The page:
Tuesday, June 7, 2011

The CGPA Does Not Have Standing to Challenge a Listing on the Register of Innovative Drugs

Canadian Generic Pharmaceutical Association v Canada (Health) 2011 FC 465 de Montigny J aff’g 2010 FC 1211 (Lafrenière, Prothonotary)

The Canadian Generic Pharmaceutical Association (CGPA), sought to challenge the listing of a particular drug on the Register of Innovative Drugs by writing to the Minister requesting that the drug be removed from the Register. The Minister refused on substantive grounds. The CGPA sought judicial review. Lafrenière P struck the application for judicial review on the basis that the CGPA does not have standing, and de Montigny J affirmed.

de Montigny J held that the CGPA does not have standing under s 18.1 of the Federal Courts Act as a person “directly affected,” because it has never filed a new drug submission and does not intend to do so [42]; by way of analogy, under the PM(NOC) Regulations, a manufacturer does not have standing to challenge a listing on the Patent Register unless it has filed an ANDS [44].

On the question of public interest standing, de Montigny J agreed that there was a serious issue, but held that the CGPA failed on both the second and third prongs. On the second prong he held that public interest standing is intended to be used to challenge constitutional validity or general exercise of administrative authority, and not a discrete decision [60]-[61]. This distinguishes 2007 FCA 375 aff’g 2007 FC 154, which refused to strike the CGPA’s challenge to the vires of the data protection Regulations on the basis of standing. de Montigny J is an expert in this area, and his decision was thorough and well reasoned.

de Montigny J held that the CGPA also failed the third prong, which requires there is no other reasonable and effective way to bring the issue before the courts. In so holding de Montigny J usefully clarified that an individual manufacturer can challenge a listing, perhaps “merely through persuasive evidence of a genuine intention to file a drug submission” [68], or by filing an ANDS. On the latter point in particular, “it is clear from the procedure outlined above in the Guidance Document on Data Protection that it is not a criminal offence for a generic drug manufacturer to file an abbreviated new drug submission during the pendency of the data protection period” [71].

Thus the decision that the CGPA lacks standing to challenge an individual listing appears sound in law. With that said, the policy arguments advanced by the CGPA are interesting. The CGPA argued in effect that there is a collective action problem in challenging a listing. It is expensive to challenge a listing, but if the challenge is successful, all generics, not just the one that incurred the cost, will benefit. It is possible that no individual generic would find it worthwhile to challenge the listing; see generally [14]. There is a collective action problem in principle, though a similar collective action problem also arises under the PM(NOC) Regulations or indeed in a validity challenge in an infringement action. This does not prevent such challenges; presumably the generic bringing the challenge relies on a lead-time advantage to recoup its costs. (But see Pfizer Canada Inc. v Novopharm Ltd. / pregabalin (NOC), 2010 FCA 258 (Evans JA) aff’g 2010 FC 668 (Crampton J) aff’g 2010 FC 409, Milczynski Pr in which Novopharm sought to prevent free-riding off its NOA – in effect the generic was seeking data protection for the information contained in its NOA.) Nonetheless, even though the collective action problem may not preclude listing challenges, this decision, sound though it seems on current law, goes against the nascent trend of allowing collective challenges to monopoly rights, such as the Peer-to-Patent program.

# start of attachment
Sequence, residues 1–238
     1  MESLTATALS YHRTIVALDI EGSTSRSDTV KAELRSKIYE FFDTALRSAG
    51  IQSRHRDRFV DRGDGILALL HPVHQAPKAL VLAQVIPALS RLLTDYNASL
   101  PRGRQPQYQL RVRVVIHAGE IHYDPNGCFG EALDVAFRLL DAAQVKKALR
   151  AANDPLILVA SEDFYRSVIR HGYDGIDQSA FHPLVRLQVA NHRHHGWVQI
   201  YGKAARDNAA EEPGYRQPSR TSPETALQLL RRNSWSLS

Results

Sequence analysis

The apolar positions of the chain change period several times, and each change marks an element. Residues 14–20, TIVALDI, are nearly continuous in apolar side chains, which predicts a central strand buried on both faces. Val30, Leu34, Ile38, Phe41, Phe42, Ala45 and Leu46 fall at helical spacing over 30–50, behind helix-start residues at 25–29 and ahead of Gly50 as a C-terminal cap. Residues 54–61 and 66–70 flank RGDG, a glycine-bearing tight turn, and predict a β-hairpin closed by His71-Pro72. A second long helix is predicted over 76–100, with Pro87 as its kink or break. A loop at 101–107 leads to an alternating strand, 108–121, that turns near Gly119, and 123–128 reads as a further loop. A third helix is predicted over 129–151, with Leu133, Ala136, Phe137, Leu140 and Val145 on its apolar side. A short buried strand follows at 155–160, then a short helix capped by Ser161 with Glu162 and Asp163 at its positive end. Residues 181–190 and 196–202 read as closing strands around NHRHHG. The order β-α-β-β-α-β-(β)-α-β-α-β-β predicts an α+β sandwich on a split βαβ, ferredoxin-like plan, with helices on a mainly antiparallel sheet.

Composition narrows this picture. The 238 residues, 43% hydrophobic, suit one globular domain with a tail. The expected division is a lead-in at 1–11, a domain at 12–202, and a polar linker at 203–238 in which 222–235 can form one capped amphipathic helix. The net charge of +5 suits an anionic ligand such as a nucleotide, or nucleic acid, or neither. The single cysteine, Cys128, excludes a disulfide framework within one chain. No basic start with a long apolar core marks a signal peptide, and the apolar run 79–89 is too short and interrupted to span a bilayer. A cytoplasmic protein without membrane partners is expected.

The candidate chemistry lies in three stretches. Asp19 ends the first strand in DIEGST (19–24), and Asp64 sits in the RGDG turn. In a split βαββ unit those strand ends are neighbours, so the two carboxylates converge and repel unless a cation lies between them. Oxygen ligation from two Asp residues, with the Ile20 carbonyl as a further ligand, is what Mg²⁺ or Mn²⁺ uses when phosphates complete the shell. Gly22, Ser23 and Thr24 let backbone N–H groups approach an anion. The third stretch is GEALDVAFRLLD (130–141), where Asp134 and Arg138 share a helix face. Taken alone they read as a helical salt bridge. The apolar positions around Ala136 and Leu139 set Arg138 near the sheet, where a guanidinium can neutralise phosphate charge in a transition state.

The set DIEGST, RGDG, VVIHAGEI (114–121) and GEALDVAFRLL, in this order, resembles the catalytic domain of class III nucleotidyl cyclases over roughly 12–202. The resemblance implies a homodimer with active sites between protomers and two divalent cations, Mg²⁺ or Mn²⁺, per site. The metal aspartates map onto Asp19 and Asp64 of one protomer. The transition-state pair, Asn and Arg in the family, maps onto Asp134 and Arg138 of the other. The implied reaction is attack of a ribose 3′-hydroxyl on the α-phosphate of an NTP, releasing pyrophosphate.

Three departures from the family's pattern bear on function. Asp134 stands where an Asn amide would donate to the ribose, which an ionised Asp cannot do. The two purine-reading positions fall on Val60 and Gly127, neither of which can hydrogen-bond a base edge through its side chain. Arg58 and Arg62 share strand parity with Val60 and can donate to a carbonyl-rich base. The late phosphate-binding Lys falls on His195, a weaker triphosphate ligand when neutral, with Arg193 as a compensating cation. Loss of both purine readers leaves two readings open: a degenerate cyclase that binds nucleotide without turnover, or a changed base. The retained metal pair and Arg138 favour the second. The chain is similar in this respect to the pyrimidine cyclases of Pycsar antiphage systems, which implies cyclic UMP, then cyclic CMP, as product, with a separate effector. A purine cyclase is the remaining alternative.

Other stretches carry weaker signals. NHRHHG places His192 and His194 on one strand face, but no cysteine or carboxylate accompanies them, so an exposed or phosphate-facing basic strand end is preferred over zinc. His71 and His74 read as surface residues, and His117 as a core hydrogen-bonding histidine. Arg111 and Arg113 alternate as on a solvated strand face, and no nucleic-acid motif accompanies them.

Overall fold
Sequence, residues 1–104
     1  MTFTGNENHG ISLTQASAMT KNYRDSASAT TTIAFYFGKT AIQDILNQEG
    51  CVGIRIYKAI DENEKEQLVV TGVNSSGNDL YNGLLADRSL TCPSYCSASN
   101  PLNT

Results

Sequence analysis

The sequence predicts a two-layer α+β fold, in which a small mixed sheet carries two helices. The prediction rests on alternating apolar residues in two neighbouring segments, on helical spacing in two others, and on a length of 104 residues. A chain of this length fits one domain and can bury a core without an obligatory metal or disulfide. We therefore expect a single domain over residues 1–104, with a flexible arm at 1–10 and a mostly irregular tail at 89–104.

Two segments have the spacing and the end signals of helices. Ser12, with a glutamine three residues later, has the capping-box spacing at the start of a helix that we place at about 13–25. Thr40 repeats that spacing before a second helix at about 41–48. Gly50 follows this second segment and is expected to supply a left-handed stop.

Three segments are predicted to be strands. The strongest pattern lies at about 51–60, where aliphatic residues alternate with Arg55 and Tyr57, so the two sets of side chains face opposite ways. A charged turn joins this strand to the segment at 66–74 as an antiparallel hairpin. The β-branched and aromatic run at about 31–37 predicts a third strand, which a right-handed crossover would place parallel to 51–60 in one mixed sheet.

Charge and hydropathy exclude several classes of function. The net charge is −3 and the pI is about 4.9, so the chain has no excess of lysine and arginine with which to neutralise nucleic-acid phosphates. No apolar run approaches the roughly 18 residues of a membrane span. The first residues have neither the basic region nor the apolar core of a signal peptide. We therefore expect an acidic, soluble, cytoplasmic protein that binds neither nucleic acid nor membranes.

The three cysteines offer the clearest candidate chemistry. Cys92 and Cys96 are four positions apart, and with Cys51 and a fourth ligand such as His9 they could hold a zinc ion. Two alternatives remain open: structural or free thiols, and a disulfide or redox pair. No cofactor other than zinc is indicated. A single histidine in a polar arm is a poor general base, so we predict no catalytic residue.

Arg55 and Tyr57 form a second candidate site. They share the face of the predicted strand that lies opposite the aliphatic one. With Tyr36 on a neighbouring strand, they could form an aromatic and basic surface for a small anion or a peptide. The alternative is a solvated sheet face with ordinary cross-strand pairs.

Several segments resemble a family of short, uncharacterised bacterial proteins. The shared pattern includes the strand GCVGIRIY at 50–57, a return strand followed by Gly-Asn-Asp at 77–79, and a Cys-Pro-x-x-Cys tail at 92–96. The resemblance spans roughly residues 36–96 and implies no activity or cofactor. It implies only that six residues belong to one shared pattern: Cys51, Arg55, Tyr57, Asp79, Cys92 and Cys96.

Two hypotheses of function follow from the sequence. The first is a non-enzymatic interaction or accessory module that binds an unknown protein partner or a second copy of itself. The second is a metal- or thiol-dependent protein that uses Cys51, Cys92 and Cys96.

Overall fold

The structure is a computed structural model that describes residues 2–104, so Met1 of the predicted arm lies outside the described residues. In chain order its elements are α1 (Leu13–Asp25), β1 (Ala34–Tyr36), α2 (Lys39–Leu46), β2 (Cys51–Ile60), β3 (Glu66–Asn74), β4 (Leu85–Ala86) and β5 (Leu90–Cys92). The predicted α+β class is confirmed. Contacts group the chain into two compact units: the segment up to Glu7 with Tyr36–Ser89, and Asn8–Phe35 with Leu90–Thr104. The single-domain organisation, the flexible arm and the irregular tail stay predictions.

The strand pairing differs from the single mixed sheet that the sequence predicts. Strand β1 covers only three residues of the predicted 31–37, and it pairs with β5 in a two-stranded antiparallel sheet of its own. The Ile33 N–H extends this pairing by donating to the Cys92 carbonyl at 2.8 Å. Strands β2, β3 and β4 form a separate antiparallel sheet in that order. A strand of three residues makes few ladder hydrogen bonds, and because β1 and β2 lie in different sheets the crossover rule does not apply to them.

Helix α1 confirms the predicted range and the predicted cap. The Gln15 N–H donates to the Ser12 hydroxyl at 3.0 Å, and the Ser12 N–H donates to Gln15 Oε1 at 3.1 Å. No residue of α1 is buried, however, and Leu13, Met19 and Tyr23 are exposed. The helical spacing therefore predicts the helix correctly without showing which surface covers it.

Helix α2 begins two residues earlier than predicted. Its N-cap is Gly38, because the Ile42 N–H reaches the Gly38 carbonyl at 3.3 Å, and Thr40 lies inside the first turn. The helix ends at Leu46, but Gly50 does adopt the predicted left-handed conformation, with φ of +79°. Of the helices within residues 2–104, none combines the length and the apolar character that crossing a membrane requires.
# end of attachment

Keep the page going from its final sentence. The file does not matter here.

On the other hand, the standing problem has another side to it. The requirement that a party must be directly affected serves to ensure that the party bringing the challenge has the motivation to present the case fully. The party who must respond should not have to endure multiple challenges from various parties with tangential interest and partial arguments. Of course the CGPA is not simply an officious inter-meddler, but on the other hand the innovator companies already face multiple attacks on their rights in a drug, first in NOC proceedings and then in infringement proceedings. The CGPA argued that denying it standing to challenge a listing would result in redundant litigation, since each manufacturer would be required to bring its own application for judicial review [66]. This would be far from the only redundant litigation in the pharmaceutical area. No doubt the process could be streamlined, but ideally this should be part of a holistic assessment.

This is not to say that there should not be a mechanism to allow some form of collective challenge to the listing, but it is just one part of a large problem of the multiplicity of actions and arises particularly in the pharmaceutical context.

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